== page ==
Leader turns the tides at Victoria's YMCA
May 2, 2014 at 12:02 a.m.
At 6 feet, 6 inches, the chief executive officer of Victoria's YMCA could pass for any young professional in a starched shirt and loafers.
What sets Chris Seilkop apart - aside from his stature - is his past as an international volleyball player on the U.S. Paralympic team and his future as a visionary for the community.
"I've always tried to be the best I could be, and that's what I want for the Y - for it to be the best it can be," said Seilkop, 44. "This is a great town, and it deserves a great Y."
Since joining YMCA of the Golden Crescent in fall 2011, Seilkop has worked to improve the organization's reputation, its after-school programs and its relationships with area stakeholders, going so far as to secure a $1.6 million pool partnership with the city as part of his larger plan to overhaul the facilities.
"We're bumping up the quality of what we're doing," Seilkop said. "If you're going to make any changes, you have to take care of your core operations. For the YMCA, it is after-school, youth sports and membership."
The Victoria Family YMCA is under the umbrella of YMCA of the Golden Crescent, which Seilkop leads. It also includes Calhoun County YMCA.
Bob Coen, chairman of the board of directors of YMCA of the Golden Crescent, said Seilkop, despite being an amputee, has flourished in life and in his career, bringing about positive change to unsavory situations.
Seilkop's right leg was amputated below the knee after he fell off a riding lawnmower at age 7. He grew up competing against able-bodied friends and became a powerful athlete and strong competitor.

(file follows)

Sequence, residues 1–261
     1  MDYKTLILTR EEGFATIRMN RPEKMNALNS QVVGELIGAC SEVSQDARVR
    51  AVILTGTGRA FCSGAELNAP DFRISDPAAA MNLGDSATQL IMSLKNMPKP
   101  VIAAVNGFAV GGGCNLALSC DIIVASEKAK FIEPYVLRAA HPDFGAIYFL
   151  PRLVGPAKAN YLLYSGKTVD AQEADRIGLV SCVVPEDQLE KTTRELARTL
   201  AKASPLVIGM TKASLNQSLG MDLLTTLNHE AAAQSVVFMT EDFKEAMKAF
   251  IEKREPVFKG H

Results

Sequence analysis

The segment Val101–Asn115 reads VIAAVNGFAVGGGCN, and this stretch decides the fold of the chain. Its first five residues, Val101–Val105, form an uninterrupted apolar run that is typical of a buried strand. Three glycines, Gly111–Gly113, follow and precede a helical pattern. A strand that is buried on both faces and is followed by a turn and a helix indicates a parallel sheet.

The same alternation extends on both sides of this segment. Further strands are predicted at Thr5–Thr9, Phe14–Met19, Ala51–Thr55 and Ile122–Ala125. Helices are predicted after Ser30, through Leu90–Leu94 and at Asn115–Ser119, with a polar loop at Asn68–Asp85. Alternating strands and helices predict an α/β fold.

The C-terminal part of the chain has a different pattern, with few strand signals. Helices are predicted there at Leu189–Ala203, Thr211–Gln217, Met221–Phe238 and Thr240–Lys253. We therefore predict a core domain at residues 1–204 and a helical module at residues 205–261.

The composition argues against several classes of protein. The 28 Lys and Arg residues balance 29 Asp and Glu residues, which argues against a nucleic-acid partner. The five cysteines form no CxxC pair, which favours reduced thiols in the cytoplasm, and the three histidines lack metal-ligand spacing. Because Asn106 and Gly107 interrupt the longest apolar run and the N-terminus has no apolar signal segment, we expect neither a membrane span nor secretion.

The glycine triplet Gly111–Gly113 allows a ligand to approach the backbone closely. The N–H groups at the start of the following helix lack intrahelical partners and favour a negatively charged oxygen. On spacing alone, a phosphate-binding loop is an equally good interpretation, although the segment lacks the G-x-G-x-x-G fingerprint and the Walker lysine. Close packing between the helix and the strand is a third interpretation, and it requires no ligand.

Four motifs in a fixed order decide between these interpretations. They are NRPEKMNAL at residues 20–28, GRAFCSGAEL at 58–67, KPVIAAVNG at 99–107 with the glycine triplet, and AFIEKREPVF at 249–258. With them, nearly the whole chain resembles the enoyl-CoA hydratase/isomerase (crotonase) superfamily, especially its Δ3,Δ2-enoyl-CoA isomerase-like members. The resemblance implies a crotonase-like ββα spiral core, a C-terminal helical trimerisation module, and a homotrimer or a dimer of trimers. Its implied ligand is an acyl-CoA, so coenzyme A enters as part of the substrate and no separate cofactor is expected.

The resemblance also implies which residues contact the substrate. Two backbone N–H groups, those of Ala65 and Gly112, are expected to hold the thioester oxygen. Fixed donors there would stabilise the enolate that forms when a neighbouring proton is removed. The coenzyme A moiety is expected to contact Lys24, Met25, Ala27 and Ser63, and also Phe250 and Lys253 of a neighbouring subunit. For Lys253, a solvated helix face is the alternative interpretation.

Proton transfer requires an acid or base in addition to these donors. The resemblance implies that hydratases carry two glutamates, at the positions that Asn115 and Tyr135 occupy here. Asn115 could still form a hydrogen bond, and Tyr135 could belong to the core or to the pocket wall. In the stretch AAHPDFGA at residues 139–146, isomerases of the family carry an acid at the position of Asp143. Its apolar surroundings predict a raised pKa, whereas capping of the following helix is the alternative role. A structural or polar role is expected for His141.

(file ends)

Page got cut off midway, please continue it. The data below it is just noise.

"I'm not looking back to cast aspersions," Coen, who is also involved with the Port Lavaca YMCA, said. "He's taken the organization where it was three years ago and corrected a lot of its shortcomings."
Coen declined to comment about specific "shortcomings" but said communication, participation and morale have all improved.
"Just three years ago, the Y was struggling to make ends meet," Coen said. "Now, yes, the economy has turned a little bit, but we're looking toward a huge expansion, a total renovation, and Chris is the leader in that."
Seilkop first became involved with the Y as a sophomore at University of Central Florida in 1989, but he said his "Y story" took place at Camp Winona near Daytona Beach, Fla., where he was a counselor for two years.
"I had the most fun in my entire life there," Seilkop said. "Generally, when the Y has a positive impact on you, it's something that lasts for a lifetime."
His daughters, Tori, a student at West High School, and Isabel, a student at Cade Middle School, are also involved with the YMCA.
Sandwiched between three old apartment complexes in a predominantly low-income neighborhood, Victoria's Y boasts increasing membership and participation in after-school programs and classes.
Youth basketball went from 90 children to 260 participants.
Program revenue has increased 20 percent annually during the past two years, and the Y has grown from nine after-school sites to 14.
"We're going back to renting other gyms to do our youth sports," Seilkop said. "It's broadened our footprint, and that hadn't happened before."
He sees the Y playing a huge role in the community's economics and quality of life.
"I'm not a babysitter; I want to get things done," Seilkop said. "I'm a builder, and I like to build things. That's how I see our partnerships. We're building a better community, and we're having more of an impact."
Seilkop is involved in Victoria Rotary Club, the Challenged Athletes Dream Complex, St. Joseph High School, local volleyball clubs, DeTar Healthcare System and other groups.
"I just want it to be a great Y," Seilkop said. "Every kid deserves to have a great YMCA, and that's what I'm trying to make it."